Ultimately, not using public keys, will lead to an additional exchange of keys, which in turn leads to a less secure solution.

All in all, this is a well thought system, though I think little privacy is offered with externally encrypted emails (which – in theory – can be decrypted by the server owners), and even our local emails might not stand the test of times (also, how scalable is it? Will we be able in the future to change algorithms without rebuilding the whole inbox?)

Never the less, my support goes to the guys, it is a great step forward to what we had before and even though there is room for improvement (and well, it is always possible my analysis has some flaws so welcome to comment) this I think is one way to make cryptography really accessible to anyone.

…Just one last heads-up. There are some pretty heavy limitations (in particular if you are used to Gmail space):
Screenshot - 21.06.2014 - 02:10:25

Plaid CTF

Filed under Generic, Security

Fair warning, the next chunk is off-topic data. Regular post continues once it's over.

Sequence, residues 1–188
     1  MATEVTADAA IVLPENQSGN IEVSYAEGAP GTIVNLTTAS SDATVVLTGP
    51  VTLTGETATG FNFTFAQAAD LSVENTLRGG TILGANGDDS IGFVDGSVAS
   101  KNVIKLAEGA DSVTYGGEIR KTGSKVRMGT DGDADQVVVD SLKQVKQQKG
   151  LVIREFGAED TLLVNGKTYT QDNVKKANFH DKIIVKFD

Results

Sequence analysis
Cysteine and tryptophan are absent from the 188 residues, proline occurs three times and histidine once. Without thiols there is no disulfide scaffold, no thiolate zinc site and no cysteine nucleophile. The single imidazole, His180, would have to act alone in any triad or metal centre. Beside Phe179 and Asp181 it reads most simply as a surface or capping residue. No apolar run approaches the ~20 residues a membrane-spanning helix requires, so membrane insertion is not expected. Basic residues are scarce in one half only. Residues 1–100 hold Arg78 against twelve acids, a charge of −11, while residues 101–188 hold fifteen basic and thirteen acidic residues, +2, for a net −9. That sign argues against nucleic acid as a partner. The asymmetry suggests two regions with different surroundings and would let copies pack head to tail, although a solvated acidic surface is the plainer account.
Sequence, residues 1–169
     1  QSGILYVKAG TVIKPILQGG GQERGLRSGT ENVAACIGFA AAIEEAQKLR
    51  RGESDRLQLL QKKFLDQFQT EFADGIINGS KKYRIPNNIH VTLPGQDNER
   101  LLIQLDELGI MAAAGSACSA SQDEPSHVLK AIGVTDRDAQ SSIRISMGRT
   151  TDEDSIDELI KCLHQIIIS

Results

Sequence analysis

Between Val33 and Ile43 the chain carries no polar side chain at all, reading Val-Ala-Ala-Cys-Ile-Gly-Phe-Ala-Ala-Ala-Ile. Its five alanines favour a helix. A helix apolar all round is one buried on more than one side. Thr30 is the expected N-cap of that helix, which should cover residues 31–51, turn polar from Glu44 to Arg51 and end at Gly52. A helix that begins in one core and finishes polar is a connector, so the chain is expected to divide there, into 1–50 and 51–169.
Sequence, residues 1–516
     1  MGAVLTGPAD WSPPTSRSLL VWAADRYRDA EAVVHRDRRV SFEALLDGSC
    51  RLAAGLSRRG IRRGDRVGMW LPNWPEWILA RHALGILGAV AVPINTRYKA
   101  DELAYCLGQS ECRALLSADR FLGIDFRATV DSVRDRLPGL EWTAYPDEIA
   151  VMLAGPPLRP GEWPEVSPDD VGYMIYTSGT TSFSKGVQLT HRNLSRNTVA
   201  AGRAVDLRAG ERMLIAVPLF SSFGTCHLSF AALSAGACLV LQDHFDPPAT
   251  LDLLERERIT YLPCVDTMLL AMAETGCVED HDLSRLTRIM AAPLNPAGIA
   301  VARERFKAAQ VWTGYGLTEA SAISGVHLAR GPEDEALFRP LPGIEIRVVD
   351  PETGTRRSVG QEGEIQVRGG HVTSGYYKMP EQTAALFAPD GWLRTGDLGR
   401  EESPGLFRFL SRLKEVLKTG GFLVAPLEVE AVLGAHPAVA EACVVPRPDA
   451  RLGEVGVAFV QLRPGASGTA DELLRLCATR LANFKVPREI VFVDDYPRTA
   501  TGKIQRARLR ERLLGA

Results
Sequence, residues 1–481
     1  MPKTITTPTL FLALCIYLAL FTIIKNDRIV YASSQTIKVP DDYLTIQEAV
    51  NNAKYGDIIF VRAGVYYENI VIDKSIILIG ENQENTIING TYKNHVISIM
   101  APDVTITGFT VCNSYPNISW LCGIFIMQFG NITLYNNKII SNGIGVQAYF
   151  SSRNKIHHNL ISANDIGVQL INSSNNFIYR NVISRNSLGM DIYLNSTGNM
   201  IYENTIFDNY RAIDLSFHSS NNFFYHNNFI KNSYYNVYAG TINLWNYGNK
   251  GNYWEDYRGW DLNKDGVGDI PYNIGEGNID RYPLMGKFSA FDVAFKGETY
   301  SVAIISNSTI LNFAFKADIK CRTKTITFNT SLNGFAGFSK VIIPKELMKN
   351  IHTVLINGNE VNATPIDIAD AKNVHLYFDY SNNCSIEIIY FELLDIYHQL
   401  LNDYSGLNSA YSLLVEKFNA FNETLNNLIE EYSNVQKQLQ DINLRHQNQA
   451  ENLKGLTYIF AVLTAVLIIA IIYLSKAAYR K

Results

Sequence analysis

Plaid hack catch the flag game – wanted to play a little bit before the weekend but seems that people would rather DDOS it.. I wonder why there must always be someone spoiling the game…Or is it a way to gain some time?

Updated source and binaries

Filed under Forensics, Security

New code and binaries out there!
It is now possible to set thresholds within the tool and there have been some stability improvements (though, still not exactly stable…)

I’ll publish the training videos on how to train new files in the next few days and start advertising the tool a bit more!

Youtube video uploaded!

Filed under Forensics, Security
Tagged as

added a youtube video on how to detect files – available in the “Projects” Section.